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A SOFT ANSWER TURNETH AWAY WRATH
Judges 7:24-25; Judges 8:1-12
The fleeing host made for the three fords of the Jordan, and with all haste Gideon summoned the tribes to anticipate them. The way of the victor was not without its drawbacks and discouragements. Ephraim was wroth; Succoth and Penuel were contemptuous; his own men were faint, though pursuing. But the faith that had won the great victory never wavered. Gideon â€œendured as seeing Him who is invisible.â€ From the eternal source of patience and hope he derived the grace of continuance. This is what Paul also learned and taught in after-years, 2 Corinthians 6:4, etc.
When the soul is leaning on God, drawing on his resources and affirming his sufficient grace, it can afford to answer Ephraim pleasantly; it will not shrink from rebuking cowardice in Penuel and Succoth; and it will hold on its victorious way, until the last enemy is destroyed and it enters the presence of God to receive the â€œWell done!â€ Discouraged soul, get alone, shut your door on all other thoughts, and say over and over to God the words with which the good Asaph ends Psalms 73:23-28. Let these fill your heart with music till you are strong again.
THE SNARE OF SUCCESS
Clearly Gideonâ€™s family had passed through some terrible tragedy previous to this war of emancipation. He had not learned our Lordâ€™s teaching of forgiveness and acted on the usual maxims of his age. Possibly, also, he felt that he was the executioner of Godâ€™s vengeance upon these chiefs, whose names, â€œImmolationâ€ and â€œTrouble,â€ were derived from their desperate deeds. As they stood anticipating death, they uttered a memorable sentence, â€œAs the man is, so is his strength.â€ The usefulness of our lives is not to be gauged by what we say or have or think, but by what we are. It is not gift but grace that leaves the deepest dint upon other lives. If you want to be strong in the arm, you must be pure and true at heart.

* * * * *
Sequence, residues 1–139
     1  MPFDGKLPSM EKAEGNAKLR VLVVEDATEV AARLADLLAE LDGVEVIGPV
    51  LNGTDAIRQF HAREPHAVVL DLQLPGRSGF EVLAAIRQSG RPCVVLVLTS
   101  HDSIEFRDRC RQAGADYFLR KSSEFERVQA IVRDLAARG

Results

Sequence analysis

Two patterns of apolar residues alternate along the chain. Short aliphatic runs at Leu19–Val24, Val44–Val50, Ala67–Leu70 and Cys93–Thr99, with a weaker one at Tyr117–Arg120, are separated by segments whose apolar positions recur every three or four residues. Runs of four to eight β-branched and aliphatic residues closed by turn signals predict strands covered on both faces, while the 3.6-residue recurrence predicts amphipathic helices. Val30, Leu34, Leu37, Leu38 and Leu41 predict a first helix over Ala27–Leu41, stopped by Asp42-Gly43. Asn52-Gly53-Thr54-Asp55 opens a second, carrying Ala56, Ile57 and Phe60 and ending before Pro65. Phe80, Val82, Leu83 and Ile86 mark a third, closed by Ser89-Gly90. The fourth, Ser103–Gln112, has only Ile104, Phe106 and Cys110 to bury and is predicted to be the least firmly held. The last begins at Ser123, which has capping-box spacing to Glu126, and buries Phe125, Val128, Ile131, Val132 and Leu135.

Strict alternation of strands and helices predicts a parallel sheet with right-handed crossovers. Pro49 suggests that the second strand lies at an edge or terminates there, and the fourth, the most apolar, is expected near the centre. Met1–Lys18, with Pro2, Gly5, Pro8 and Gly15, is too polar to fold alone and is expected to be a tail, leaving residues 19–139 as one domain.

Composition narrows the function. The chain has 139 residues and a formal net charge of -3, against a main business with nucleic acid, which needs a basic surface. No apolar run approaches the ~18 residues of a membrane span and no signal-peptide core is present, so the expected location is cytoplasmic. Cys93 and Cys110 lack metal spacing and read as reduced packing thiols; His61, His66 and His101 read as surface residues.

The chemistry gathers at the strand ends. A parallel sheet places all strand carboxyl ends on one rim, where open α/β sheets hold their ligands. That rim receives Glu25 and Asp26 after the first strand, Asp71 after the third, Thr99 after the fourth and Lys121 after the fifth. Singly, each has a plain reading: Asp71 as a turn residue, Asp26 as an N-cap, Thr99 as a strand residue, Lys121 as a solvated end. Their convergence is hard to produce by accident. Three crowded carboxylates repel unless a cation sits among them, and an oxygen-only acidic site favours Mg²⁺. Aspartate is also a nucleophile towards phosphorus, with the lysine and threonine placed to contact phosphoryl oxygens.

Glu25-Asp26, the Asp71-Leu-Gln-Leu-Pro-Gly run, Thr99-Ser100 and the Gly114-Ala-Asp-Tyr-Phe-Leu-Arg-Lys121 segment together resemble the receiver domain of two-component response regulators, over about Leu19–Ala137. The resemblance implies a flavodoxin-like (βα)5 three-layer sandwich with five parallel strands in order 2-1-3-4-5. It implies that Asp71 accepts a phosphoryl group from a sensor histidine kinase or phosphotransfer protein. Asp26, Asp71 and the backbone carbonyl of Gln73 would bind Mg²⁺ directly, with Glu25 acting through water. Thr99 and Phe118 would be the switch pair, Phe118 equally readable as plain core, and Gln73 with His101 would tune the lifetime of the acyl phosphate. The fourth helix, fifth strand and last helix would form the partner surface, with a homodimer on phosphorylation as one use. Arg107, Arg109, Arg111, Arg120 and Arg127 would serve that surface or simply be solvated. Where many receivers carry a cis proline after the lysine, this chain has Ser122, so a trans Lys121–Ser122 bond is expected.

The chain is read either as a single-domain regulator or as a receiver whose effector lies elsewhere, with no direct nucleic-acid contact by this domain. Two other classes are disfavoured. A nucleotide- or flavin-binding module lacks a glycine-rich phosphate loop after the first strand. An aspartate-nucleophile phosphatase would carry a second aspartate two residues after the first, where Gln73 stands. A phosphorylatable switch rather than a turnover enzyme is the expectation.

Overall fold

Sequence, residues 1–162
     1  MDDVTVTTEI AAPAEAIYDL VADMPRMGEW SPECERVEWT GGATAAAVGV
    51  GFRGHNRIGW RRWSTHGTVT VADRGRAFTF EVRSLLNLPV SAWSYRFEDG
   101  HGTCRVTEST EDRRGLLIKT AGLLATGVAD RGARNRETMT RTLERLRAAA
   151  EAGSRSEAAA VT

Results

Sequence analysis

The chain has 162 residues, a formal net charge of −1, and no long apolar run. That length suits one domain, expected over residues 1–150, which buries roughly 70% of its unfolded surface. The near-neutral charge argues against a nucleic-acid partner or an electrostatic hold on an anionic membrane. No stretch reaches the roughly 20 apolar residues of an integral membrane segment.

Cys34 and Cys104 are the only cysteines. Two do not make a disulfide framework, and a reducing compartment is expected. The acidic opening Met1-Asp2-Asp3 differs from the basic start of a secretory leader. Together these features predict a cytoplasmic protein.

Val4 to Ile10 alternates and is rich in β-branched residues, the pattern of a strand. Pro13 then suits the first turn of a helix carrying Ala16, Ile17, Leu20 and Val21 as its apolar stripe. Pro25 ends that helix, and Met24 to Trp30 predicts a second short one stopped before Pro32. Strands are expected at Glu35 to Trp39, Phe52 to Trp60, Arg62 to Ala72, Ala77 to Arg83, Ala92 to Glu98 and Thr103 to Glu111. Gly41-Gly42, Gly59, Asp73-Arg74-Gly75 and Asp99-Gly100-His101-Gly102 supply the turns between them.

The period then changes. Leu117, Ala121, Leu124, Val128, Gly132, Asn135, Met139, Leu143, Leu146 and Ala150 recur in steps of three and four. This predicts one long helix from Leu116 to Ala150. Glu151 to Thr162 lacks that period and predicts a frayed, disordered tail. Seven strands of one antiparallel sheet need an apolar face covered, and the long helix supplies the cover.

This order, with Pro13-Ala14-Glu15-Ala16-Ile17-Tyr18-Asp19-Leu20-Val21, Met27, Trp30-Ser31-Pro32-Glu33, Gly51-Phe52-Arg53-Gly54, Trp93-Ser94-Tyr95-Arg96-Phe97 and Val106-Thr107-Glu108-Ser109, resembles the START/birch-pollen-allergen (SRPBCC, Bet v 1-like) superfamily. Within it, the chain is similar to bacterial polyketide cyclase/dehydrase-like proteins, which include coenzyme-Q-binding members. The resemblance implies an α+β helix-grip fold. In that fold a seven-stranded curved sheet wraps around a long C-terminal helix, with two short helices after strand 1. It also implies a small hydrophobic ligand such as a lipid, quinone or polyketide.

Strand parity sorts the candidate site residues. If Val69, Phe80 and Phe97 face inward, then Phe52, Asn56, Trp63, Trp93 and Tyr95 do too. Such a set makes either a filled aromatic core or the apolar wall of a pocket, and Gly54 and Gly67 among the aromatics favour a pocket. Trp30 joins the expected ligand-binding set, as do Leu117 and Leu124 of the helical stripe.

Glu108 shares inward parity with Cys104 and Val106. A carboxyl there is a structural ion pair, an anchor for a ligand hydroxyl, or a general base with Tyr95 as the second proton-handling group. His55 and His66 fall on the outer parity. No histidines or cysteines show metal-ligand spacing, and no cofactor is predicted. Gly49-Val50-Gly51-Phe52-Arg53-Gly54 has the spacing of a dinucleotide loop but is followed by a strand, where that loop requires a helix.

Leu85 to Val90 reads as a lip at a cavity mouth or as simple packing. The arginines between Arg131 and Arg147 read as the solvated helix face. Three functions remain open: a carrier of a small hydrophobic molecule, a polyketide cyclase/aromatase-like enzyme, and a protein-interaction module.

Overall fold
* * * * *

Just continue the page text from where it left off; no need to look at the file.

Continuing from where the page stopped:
The gold and purple of the spoil enabled Gideon to make an ephod, presumably on the pattern of that described in Exodus 28:1-43. It was not exactly an idol but a kind of fetish, and it diverted the thoughts of the people from Shiloh and the spiritual worship of the unseen and eternal God. So apt is the human heart to cling to some outward emblem-it may be a crucifix, a wafer, or a church-and miss that worship in spirit and in truth for which the Father seeks.
â€œTHROUGH SLAUGHTER TO A THRONEâ€
Judges 8:29-35; Judges 9:1-6
The Children of Israel were guilty of great fickleness and instability. They soon relapsed into Baal worship and forgot to show kindness to the family of their great leader. But such is the frailty of the human heart. However hot we may be for Christ today, we may be cold and distant tomorrow. It seems as if the great adversary taunts us with this as he did John Bunyan, to whom he kept whispering. â€œIâ€™ll cool you, Iâ€™ll cool you.â€ We must take our fickle hearts to our Lord, asking Him to keep us true and hot in our love. There are times when His friendship is the most real thing in life, but then the rainbow-glory fades in the sky. Let it not be so any more, O Lord, we beseech thee!
The terrible crime of Abimelech was extenuated by the people of Shechem, because his mother was one of themselves. Compare Judges 8:31 with 9:1, 18. But the mills of God were grinding out awful trouble for them all, Judges 9:56-57. Surely, in his lack of self-control, Gideon had much to answer for, Judges 8:30! The evil that men do lives after them.
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Meyer, Frederick Brotherton. "Commentary on Judges 8". "F. B. Meyer's 'Through the Bible' Commentary". https://www.studylight.org/
the Sixth Week after Easter